Dracula is a fantasy/horror novel written by Bram Stoker in 1897. It is written as a series of letters, diary entries and other log entries, telling the battle between the vampire Count Dracula and Professor Van Helsing (with the help of some other people). It is one of the most well-known horror fictions in history and defined the modern image of vampires. Although it seems unlikely, the blood-sucking, immortal, creepy vampire that is Count Dracula is (loosely) based on an actual person.
Vlad III Dracula of Wallachia was a Romanian prince who led his army to fight against the invading Ottoman Empire during the 15th century, which was expanding its reach throughout Europe at the time. He was also referred to as Vlad the Impaler due to his incredibly cruel punishment of prisoners and enemies. He would kill the victims by stabbing their bodies with spears, typically through the anus up to the mouth. He would then have the bodies hanging as a warning to others. The victims would die a slow and painful death as they were drained of blood.
Another interesting fact is that Vlad III was an expert in guerilla warfare and would frequently hide his army in trees and strike the enemy at nighttime. This earned him a legend that he was bat-like – hanging from trees and only attacking at night to drain people of their blood. It is likely that Stoker took this legend and incorporated it into his novel, making Count Dracula able to transform into a large bat.
It is fascinating to see how someone who is portrayed as a noble hero in Romania and Slavic countries is remembered as an archetypal monster in modern times. This serves to remind us that no matter what good deed we may do, the world will only focus on a certain aspect and define you by that characteristic. The world is stubborn, critical and narrow-minded. Ergo, it is a waste of time trying to convince the world that you are a certain kind of person. As long as you know what kind of person you truly are and accept it, you will be able to live a happy life.
A gaze is defined as “to look fixedly, intently, or deliberately at something”, but its true meaning is far deeper than that. In art and psychology, the “gaze” is described as a complex medium of communication between the subject and the object being gazed at. There are many theories as to what the gaze signifies.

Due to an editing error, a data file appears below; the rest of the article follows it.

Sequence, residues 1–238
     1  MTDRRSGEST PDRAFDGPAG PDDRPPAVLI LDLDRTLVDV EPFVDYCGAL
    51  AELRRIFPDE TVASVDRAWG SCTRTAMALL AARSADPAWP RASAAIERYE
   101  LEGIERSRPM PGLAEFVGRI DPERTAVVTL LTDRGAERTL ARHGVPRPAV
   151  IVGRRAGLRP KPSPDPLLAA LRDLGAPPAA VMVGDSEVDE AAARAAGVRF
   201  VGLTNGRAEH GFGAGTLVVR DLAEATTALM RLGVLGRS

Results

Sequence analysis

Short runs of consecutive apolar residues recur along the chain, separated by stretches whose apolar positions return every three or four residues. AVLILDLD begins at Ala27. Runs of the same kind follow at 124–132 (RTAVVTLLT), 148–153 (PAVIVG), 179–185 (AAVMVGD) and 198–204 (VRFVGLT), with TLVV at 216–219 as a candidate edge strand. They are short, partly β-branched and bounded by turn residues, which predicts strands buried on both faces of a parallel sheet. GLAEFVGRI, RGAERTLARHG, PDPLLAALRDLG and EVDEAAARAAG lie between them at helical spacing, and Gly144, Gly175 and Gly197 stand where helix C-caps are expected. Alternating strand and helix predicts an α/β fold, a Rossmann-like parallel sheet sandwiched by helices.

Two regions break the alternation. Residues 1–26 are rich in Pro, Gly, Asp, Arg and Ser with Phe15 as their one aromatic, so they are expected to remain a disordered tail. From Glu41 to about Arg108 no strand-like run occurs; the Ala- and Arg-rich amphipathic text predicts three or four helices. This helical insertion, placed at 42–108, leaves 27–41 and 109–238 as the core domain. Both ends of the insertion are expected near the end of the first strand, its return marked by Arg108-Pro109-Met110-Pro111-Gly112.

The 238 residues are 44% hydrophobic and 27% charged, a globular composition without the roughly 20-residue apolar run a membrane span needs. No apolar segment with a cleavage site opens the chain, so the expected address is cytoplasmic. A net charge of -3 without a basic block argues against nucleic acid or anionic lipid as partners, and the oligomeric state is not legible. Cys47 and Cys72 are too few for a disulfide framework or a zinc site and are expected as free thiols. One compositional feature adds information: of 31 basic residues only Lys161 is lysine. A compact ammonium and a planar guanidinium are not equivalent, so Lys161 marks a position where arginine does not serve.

A popular explanation is the exertion of dominance by the subject by gazing at an object. In essence, this act objectifies something, such as a painting or a person, placing it on an inferior level relative to the observer. This applies to the concept of the “medical gaze” – where the doctor can see the patient as just an anatomical body, or a holistic being with a soul – or the “male gaze”, which feminists claim to be the tendency for films to objectify women and play to the male audience, providing them with the power and dominance. In this case, the gaze acts as a projection of the viewer, placing himself as a dominant figure indirectly interacting with the female being gazed at in the movie. Although the male gaze itself is questionable, there is no doubt that people tend to project themselves into the characters in a movie through gaze.
This theory explains the uncanny feeling brought on by a gaze, as it gives the impression that you are being defined by someone’s gaze, whilst becoming dominated.
The gaze plays a vital role in the development of babies as they pass through what is called the “mirror stage”. This is when babies first conceive the idea of self, as they see an external image of themselves in the mirror. At this point, the baby’s gaze defines the external image (reflection) while the reflection’s gaze gives the baby an uncanny feeling of “self”.
The concept of the gaze has been well-known throughout history, and is reflected in myths such as the evil eye (that brings bad fortune to those being gazed at) or Medusa (the gorgon who petrifies those who make eye contact with her). Interestingly, the story of Narcissus shows the danger of gaze by misidentifying “self”.
Artists use this concept of gaze effectively by either letting the audience simply gaze at the picture, essentially letting it be defined only when being looked at, or invite the audience in a “conversation” with the painting. This can be achieved when characters in the painting are gazing at the audience, giving the illusion that they can actually see past the two-dimensional plane, gazing into the viewer’s eyes. This produces a strange feeling, while also giving the viewer a heightened appreciation for the painting as he/she feels at level with the painting.
Furthermore, as the gaze is a two-way conversation, there are also examples of “setting oneself at gaze”. This means that they are exposing themselves to be gazed at, a common example being nude art. Of course, this ties into voyeurism and scopophilia, showing just how complex the meaning behind the word “gaze” can be.